As those who played Modern Warfare might expect, World at War looks amazing, perhaps even more so since we are going to far more exotic locations then blowing them to hell. You start off in a POW camp on the beach where you are rescued and must make a daring escape at night. A first scene that will blow you away is when you arrive in this clearing and there are all these dead bodies and suddenly you are blinded by flare. As your vision slowly comes back and the flare arcs high overhead you get all these long moving shadows cast in real-time by the flare. The entire map comes alive with these dancing shadows and so do those seemingly dead Japs who were only playing possum.
Mission after mission, scene after scene, I was continually blown away by the detail of the landscapes, scorched earth, my fellow soldiers, both in their animations and their bloody deaths and dismemberments. This is the first Call of Duty to even make an attempt at depicting the horrors of war, and as bad as it looks in this game I can only assume how much worse it is for real.
The two campaigns offer a stark contrast of settings, and the progression of missions keeps you bouncing back and forth between campaigns so you never fall into a rut. Just about the time you are getting tired of palm trees and getting stuck like a pig by a Japanese bayonet you are whisked away to Russia or Germany for something entirely different. The Russian campaign offers a tank-driving mission that is pretty standard while the American campaign allows you to assault battleships and destroyers from a rather unassuming PBY plane, in the dark…at night. It gets even cooler when you have to swoop in and land amongst your own burning fleet and defend the survivors from Jap Zeroes all the while hauling survivors into your plane.
As always, Call of Duty comes with an emotional soundtrack that will stir up the patriotism of all who play. The music sticks mainly to the menus, cutscenes and a few signature moments in the game, and then slips to the background for all the sounds of battle. The only questionable choice of music was some odd heavy metal that crops up when you are wielding the flamethrower. I started having flashbacks to Ironman.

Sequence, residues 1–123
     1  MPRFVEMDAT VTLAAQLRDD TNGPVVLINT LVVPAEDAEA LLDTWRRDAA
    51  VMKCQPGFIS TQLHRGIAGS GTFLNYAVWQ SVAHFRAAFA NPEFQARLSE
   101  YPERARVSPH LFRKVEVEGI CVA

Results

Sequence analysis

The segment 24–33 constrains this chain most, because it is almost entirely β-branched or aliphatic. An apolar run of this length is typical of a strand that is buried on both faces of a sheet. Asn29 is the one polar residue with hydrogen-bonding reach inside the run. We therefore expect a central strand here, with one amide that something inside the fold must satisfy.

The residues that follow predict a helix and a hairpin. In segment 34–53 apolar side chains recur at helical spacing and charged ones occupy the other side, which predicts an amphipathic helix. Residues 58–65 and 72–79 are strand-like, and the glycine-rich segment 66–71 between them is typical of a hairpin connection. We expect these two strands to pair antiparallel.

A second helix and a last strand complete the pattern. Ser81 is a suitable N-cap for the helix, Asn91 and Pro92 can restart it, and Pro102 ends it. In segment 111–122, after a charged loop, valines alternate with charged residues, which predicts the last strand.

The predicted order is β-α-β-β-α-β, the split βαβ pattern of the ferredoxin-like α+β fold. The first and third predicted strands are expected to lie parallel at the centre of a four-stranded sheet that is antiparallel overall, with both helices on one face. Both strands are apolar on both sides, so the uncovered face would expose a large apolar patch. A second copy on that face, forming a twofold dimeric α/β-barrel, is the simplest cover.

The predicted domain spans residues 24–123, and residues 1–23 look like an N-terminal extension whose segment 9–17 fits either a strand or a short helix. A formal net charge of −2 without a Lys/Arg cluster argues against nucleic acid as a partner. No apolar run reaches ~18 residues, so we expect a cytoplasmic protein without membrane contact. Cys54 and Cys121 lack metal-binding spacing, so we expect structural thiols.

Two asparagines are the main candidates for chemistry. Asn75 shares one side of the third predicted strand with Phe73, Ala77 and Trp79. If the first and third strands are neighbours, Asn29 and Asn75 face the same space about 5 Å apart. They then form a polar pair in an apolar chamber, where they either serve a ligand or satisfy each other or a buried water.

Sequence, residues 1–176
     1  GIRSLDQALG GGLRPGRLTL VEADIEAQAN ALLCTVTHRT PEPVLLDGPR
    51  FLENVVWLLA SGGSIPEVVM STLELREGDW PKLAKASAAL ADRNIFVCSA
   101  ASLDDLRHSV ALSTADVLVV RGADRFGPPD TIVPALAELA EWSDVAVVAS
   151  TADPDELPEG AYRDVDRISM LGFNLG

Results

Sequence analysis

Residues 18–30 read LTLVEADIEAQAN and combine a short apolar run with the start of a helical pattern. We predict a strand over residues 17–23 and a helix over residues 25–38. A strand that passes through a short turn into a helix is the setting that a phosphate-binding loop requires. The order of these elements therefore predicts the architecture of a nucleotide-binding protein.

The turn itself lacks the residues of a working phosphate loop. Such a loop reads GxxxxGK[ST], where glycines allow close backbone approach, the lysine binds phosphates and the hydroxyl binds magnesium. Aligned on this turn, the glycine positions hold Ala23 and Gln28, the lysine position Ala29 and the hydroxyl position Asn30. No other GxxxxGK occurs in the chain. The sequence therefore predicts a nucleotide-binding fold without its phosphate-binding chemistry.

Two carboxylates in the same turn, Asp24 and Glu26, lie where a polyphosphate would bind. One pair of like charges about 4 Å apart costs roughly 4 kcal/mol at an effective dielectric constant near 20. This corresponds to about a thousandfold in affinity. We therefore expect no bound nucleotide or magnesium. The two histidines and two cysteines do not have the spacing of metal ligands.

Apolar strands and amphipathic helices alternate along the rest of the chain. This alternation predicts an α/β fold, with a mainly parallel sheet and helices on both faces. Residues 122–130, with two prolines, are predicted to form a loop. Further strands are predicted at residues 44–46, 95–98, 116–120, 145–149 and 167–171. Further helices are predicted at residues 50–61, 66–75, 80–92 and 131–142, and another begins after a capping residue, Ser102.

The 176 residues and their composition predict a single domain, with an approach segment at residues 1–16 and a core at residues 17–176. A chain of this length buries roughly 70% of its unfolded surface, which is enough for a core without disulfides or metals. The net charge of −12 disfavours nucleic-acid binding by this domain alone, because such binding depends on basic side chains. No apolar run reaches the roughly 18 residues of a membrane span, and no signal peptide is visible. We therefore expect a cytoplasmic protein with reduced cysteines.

The voice acting is outstanding by everyone from the lowliest of supporting characters to the stars, Kiefer Sutherland and Gary Oldman. While I did keep having “24” flashbacks Kiefer did a fantastic job playing his part and all the emotions that go along with it. Gary Oldman slips into his roles so seamlessly that I wouldn’t even have known he was in the game if somebody at Treyarch hadn’t told me. His Russian accent is flawless, at least to my American ears.
And as is the case with every Call of Duty game, the sound people got to visit the shooting range and fire all these weapons and record them with pristine audio clarity so your home theater will come alive with incredible Dolby Digital sound, guns blazing, bullet casings dropping to the ground, magazines slamming into place during a hasty reload, or the incredible WHOOSH of the flamethrower and the resulting Japanese screams of pain and horror.
World at War is a solid 8-10 hours game on Normal and possibly Hard skill levels. Veteran mode will chew you up into kibble, spit you out, and leave you for those German Shepherds to feast on later. This mode is so freaking hard it defies all levels of patience, but the sheer number of achievement points waiting for me if I can complete this game on Veteran is just too enticing to pass up.
And then you have the co-op modes, and the versus modes, and the ranking system and the perks and challenges and custom classes, and so on and so forth. Most likely, many of you had to stop playing Modern Warfare to start playing World at War, and you are the people who will be playing this game well into next year.
I have to admit I went into this game with a bit of skepticism. I’ve played so many WWII games I feel like I am somewhat of an historian these days, and there doesn’t seem to be any end in sight to the titles that will continue to feed from the bloodiest time in human history. But as long as they are handled with the same care and attention to detail that Treyarch continually puts into the Call of Duty series, I’ll keep coming back for another history lesson.